Think Coffee Table Book These next few images were made at Churchill Downs, home of the Kentucky Derby.
Whenever I cover a sporting event I try and make a collection of images as if I was working for a coffee table book publisher. Not because I am working on a book, but because I want to make a total package of documentary coverage.
You never know what the magazine editor or schools sports information director will want. So why not give it all to them, from sunup to sundown, from close up, too wide angel, and from event ambiance to heart pounding action.
This allows your client to pick and choose, and perhaps publish more pictures. Yes, its more work, but so often my client would request a single image in advance, but when the magazine came out I would have several photos published that they didnt request.
Think Coffee Table Book and watch how many more of your pictures get published. Besides, its just fun to make pictures.
“Go Big or Go Home” This is a quote from Mike Powell, one of the former owners of the All Sport picture agency, which became the sports division of Getty. What he meant by this was if the photographer next to you is using a 300mm lens, you should use a 400mm. If they are using a 400mm, then you should use a 600mm. And, if they use a 600mm, then put a 1.4 teleconverter on your 600mm. Simply said, use a longer lens to draw in your subject and make a different picture than your colleagues do.
Here is Michael Phelps winning gold at the 2004 Summer Olympics in Athens. Swimming imagery is all about the face, but thats a very small subject within the Olympic pool. Most photographers had 400mm or 600mm lenses, but I went with a 600mm and 1.4 teleconverter all on a Nikon D2h with DX sensor. Yikes! Some would ask why not just crop the image later, because I want to capture it in such a way that it would have impact when my editor opens the file. I want my picture to get noticed immediately, and have a chance of making the cover, or a double page spread. It takes practice and sometimes it takes courage, and sometimes you can fail, but for sudden impact, Go Big or Go Home.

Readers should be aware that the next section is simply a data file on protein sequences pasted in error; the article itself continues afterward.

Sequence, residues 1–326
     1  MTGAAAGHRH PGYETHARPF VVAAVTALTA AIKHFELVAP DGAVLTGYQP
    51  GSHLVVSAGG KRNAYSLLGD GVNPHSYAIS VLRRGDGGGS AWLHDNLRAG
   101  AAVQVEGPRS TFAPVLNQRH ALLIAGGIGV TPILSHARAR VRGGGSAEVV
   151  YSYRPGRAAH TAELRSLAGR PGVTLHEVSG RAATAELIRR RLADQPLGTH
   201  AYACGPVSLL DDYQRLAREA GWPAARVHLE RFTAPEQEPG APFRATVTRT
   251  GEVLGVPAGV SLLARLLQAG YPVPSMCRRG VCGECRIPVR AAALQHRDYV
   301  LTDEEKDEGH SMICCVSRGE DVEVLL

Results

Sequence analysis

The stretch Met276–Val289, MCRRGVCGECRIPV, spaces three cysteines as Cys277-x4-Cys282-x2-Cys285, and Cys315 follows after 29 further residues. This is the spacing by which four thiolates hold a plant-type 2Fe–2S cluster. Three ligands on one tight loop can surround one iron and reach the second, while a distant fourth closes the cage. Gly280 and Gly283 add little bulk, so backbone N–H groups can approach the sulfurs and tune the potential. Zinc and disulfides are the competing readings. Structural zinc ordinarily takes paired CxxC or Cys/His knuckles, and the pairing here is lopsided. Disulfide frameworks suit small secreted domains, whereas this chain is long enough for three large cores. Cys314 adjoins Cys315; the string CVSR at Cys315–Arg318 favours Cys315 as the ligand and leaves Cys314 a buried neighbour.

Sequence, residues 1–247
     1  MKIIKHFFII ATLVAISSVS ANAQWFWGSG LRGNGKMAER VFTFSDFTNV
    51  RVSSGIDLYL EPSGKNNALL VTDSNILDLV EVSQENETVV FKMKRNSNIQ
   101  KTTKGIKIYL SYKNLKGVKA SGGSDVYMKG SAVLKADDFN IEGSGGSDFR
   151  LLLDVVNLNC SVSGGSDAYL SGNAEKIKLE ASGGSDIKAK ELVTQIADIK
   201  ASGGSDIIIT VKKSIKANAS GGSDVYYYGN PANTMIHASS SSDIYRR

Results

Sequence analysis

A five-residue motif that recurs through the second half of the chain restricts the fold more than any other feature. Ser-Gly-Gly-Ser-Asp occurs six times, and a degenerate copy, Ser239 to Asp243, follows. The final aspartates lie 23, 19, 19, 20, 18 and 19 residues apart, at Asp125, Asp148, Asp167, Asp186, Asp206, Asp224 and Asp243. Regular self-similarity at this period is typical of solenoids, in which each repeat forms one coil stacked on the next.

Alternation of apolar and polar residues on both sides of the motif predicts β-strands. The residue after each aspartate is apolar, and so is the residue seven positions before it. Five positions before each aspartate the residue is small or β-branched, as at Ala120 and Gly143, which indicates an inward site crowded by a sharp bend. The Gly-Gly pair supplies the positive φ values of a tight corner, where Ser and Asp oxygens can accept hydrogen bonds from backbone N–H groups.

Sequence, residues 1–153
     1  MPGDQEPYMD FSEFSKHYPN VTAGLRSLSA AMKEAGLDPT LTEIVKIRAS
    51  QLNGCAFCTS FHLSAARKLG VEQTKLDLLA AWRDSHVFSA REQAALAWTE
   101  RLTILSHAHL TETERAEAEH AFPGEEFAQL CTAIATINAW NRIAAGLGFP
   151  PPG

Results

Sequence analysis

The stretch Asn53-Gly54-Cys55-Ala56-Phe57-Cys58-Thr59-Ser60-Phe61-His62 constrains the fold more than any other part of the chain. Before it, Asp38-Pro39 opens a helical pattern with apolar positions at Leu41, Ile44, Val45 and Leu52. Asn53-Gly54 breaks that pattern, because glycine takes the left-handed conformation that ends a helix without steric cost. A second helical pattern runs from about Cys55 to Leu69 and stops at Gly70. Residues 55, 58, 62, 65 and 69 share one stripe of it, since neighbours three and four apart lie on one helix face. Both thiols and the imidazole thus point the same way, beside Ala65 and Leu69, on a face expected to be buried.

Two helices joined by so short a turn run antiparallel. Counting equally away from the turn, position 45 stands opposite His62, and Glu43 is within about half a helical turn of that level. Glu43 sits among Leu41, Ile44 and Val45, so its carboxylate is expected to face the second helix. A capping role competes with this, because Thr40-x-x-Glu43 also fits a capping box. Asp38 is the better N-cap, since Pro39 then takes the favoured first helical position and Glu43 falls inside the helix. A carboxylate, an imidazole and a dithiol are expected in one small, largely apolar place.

Have an Edge I had shot very little golf coverage during my career prior to being asked by Golf Digest to do documentary coverage of the Masters. I would be part of a team of 4 other photographers who were the best in the golf business, and here I was, no one in the business of golf. I felt I needed to walk into Augusta with an edge that would help my work standout and contribute to the coverage. I had brought all my normal cameras with long lenses, but decided to include a small Nikon Coolpix 8700. Sounds crazy, but I felt I could use the silent shutter of this small consumer camera to capture a very rare moment in golf, the top of the back swing.
Clicking the shutter on a 35mm DSLR camera is highly unethical at golf tournaments. The abrupt sound can cause a golfer to loose concentration and result in the golfers caddie grabbing your camera and throwing it into the lake, not to mention having your credential taken away. The silent shutter of the Coolpix 8700 along with its RAW file capability was my edge. The editors were blown away when the first round of back swing images came across the computer screen. “STOP!” they said. “Youll get us all thrown out.” Its OK, I said. The shutter is silent. Here is Phil Mickelson at the top of his back swing making his final drive off the 18th tee on route to winning his first major, the 2004 Masters. Have an Edge, and walk in with confidence knowing you can offer your client something new and unique.